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Food pairing
  • Cheese
  • Fish
  • Pasta with Cream Sauce
  • Pork
  • Poultry
  • Shellfish

2003 Sine Qua Non Mr K The Nobleman (Chardonnay)

  • Chardonnay
  • 375ML
  • WA94

Reviews

WA94
Robert Parker's Wine Advocate - Robert Parker's Wine Advocate, January 2013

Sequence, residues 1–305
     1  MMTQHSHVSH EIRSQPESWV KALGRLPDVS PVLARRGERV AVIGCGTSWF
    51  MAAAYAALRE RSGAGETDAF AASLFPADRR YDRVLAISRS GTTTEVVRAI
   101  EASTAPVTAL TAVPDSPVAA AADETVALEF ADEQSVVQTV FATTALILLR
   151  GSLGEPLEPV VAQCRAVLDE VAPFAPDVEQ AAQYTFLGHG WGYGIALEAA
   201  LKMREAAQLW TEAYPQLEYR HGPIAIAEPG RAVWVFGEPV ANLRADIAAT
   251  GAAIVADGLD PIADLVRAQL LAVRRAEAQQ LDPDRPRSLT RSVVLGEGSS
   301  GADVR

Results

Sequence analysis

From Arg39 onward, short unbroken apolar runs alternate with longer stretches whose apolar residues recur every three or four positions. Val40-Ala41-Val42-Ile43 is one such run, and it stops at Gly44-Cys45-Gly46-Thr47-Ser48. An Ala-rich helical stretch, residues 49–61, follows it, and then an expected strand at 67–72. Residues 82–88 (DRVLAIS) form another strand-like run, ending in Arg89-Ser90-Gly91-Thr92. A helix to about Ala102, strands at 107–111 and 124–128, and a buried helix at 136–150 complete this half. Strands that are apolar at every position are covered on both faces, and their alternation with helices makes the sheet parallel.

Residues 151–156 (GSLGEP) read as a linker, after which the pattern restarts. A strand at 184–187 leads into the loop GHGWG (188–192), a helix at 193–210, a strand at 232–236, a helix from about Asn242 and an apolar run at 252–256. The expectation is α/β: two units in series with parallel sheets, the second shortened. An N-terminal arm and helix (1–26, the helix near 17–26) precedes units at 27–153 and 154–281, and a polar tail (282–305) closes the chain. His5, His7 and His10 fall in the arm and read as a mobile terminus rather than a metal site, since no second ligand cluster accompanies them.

The 2003 Mr. K. The Nobleman a 100% Chardonnay made from botrytised fruit possesses 278 grams of residual sugar per liter and 9.9 grams of acid per liter. There are a whopping 537 cases of half bottles. While deep... The 2003 Mr. K. The Nobleman a 100% Chardonnay made from botrytised fruit possesses 278 grams of residual sugar per liter and 9.9 grams of acid per liter. There are a whopping 537 cases of half bottles. While deep golden-hued and honeyed with brilliant unctuosity thickness and richness it takes third place when ranked against its two sweet siblings. Readers should think of it as a Chardonnay Trockenbeerenauslese. Vineyard sources are gradually changing at Sine Qua Non as a movement to 100% estate fruit from vineyards in the Santa Rita Hills and sites near the winery in Ventura County come into full production. However at present some grapes emanate from other sources particularly white grapes from the Alban Vineyard and Grenache and Syrah from Alban Alta Mesa Bien Nacido Shadow Canyon and White Hawk vineyards. Yields were unbelievably small in 2003 (white varietals yielded .9 tons of fruit per acre Pinot Noir 1.64 tons per acre Grenache .32 tons per acre and Syrah 1.20 tons per acre). In 2004 white varietal yields were 1.49 tons per acre Pinot Noir 1.19 tons per acre Grenache 1.04 tons per acre and Syrah a whopping 1.48 tons per acre. Yields rose by 20-40% in 2005. Longtime readers know that I consider these offerings to be about as remarkable as New World wines can be. They possess extraordinary richness and nuances as well as superb balance purity and aging potential. The whites are whole cluster pressed and go straight to barrel without any stabilization or settling and everything is fermented with indigenous yeasts. No racking takes place until bottling which is usually more than a year after the harvest.

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